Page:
Enterprise ABM vs Growth ABM?

Account-based Marketing (ABM) is in its third decade and has become a festival of definitions and acronyms. One of the latest I have heard referenced is the notion of Enterprise ABM and Growth ABM. I think it was the superb Davis Potter, who brought it to my attention. It’s a very elegant way of simplifying different types of ABM. In this post, I will attempt to compare Enterprise ABM vs Growth ABM and throw in my two cents on this definition.

Defining Enterprise ABM vs Growth ABM

I used ChatGPT and Google to help with this.

Google Search of Enterprise ABM vs Growth ABM

Google was surprisingly useless. When you Google Enterprise ABM vs Growth ABM, this is what you get. No help at all! Although kudos to Declan Mulkeen and strategicabm for the ranking.

Enterprise ABM vs Growth ABM

ChatGPT: What is the difference between Enterprise ABM and Growth ABM?

ChatGPT was very helpful. I am still amazed by this. Here is how the new sage of the internet defines the difference:

“Enterprise ABM (Account-Based Marketing) and Growth ABM are two different approaches to account-based marketing that cater to different business objectives and target audiences. Here’s a breakdown of the differences between the two:

  1. Target Audience:
    • Enterprise ABM: Enterprise ABM focuses on targeting large, high-value accounts. These accounts typically have complex buying structures, longer sales cycles, and involve multiple decision-makers.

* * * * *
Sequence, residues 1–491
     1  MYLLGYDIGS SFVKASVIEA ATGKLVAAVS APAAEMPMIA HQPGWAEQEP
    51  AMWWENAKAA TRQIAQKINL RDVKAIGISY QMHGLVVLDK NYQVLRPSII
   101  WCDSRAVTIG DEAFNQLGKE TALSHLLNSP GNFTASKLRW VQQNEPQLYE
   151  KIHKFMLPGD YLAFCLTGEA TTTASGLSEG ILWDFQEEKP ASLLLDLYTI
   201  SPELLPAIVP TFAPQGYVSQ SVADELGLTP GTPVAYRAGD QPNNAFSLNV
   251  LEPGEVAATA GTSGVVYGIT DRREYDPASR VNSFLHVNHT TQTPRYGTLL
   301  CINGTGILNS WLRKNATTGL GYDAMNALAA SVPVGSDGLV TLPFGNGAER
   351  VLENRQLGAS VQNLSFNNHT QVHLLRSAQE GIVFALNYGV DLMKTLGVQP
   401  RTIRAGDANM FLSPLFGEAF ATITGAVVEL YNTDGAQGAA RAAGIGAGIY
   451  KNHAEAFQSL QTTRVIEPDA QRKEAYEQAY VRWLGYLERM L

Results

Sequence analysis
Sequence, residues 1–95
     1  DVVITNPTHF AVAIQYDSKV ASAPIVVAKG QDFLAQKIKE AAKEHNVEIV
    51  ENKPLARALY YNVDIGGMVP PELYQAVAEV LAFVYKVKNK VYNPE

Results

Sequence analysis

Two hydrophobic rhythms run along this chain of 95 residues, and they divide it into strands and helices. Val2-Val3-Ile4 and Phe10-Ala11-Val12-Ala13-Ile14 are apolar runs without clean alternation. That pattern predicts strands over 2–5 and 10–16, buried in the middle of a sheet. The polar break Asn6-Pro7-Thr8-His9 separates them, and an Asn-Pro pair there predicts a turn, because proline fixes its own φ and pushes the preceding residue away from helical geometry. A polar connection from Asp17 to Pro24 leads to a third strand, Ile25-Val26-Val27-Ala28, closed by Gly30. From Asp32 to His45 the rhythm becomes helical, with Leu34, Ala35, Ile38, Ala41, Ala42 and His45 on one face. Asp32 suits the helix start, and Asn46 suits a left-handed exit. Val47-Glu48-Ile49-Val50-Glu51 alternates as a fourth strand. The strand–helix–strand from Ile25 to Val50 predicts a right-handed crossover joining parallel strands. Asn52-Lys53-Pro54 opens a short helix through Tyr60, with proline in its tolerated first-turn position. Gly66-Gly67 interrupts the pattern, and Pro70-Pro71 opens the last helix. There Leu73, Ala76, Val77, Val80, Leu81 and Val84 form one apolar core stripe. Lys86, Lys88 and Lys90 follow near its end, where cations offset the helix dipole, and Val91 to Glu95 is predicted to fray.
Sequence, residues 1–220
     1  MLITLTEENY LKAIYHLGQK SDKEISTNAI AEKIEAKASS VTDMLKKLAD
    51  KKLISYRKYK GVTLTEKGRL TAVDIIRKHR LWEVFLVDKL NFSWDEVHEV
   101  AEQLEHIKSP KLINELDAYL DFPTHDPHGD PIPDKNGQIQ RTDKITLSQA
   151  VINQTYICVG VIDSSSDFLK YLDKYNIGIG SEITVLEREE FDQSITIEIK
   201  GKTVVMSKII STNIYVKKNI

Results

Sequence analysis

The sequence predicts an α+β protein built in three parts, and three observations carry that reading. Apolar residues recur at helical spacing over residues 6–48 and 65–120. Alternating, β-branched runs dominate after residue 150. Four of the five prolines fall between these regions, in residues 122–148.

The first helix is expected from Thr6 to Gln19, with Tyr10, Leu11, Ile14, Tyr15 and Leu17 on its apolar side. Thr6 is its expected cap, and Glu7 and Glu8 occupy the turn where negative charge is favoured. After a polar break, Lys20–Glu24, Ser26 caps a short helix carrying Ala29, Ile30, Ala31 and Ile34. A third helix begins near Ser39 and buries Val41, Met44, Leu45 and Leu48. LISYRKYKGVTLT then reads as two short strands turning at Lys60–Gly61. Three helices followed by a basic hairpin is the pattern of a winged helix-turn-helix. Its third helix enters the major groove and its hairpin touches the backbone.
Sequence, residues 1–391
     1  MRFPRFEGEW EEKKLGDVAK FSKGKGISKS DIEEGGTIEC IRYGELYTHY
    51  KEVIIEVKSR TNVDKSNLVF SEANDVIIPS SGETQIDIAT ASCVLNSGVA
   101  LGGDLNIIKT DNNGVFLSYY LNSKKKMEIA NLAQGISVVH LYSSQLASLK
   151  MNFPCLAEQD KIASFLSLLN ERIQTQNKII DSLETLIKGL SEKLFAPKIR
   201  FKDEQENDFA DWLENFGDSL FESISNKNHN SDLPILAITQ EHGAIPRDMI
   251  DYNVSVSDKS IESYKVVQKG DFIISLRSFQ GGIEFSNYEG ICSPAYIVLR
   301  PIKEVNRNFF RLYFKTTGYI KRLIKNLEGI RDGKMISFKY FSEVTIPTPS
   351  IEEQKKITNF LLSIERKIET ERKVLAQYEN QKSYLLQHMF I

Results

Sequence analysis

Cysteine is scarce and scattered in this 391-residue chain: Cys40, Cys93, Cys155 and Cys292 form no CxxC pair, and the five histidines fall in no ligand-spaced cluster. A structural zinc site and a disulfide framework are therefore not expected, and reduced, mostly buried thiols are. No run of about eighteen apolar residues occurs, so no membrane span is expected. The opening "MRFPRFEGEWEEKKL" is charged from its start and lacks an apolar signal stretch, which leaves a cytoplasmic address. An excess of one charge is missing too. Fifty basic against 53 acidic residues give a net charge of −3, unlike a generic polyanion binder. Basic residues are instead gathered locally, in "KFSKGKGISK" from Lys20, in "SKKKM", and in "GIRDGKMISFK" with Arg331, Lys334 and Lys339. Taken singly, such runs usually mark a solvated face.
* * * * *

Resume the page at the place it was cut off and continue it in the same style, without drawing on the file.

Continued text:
• Growth ABM: Growth ABM targets smaller, high-potential accounts that have the potential for rapid growth. These accounts may have simpler buying structures and shorter sales cycles.
  2. Account Selection:
    • Enterprise ABM: Enterprise ABM typically involves a more selective approach to account selection. Companies identify a small number of key accounts that align closely with their ideal customer profile and invest significant resources in personalized marketing and sales efforts for each account.
    • Growth ABM: Growth ABM takes a broader approach to account selection. While still focused on high-potential accounts, companies may select a larger pool of accounts to target with their marketing efforts. The emphasis is on scalability and efficiency while still maintaining a personalized approach.
  3. Marketing Strategies:
    • Enterprise ABM: Enterprise ABM relies heavily on customized marketing strategies tailored to the specific needs and pain points of each target account. This may involve creating personalized content, organizing high-touch events, or developing account-specific campaigns.
    • Growth ABM: Growth ABM focuses on scalable marketing strategies that can be applied across multiple accounts. While personalization is still important, companies may use a mix of automated marketing tactics, such as targeted advertising, email marketing, and content marketing, to reach a larger number of accounts efficiently.
  4. Sales and Marketing Alignment:
    • Enterprise ABM: Enterprise ABM requires tight alignment between sales and marketing teams. Both teams collaborate closely to develop account-specific strategies, coordinate outreach efforts, and track the progress of account engagement.
    • Growth ABM: Growth ABM also requires alignment between sales and marketing, but the coordination may be less complex compared to enterprise ABM due to the larger number of accounts targeted. The focus is on developing scalable processes and ensuring effective communication between the teams.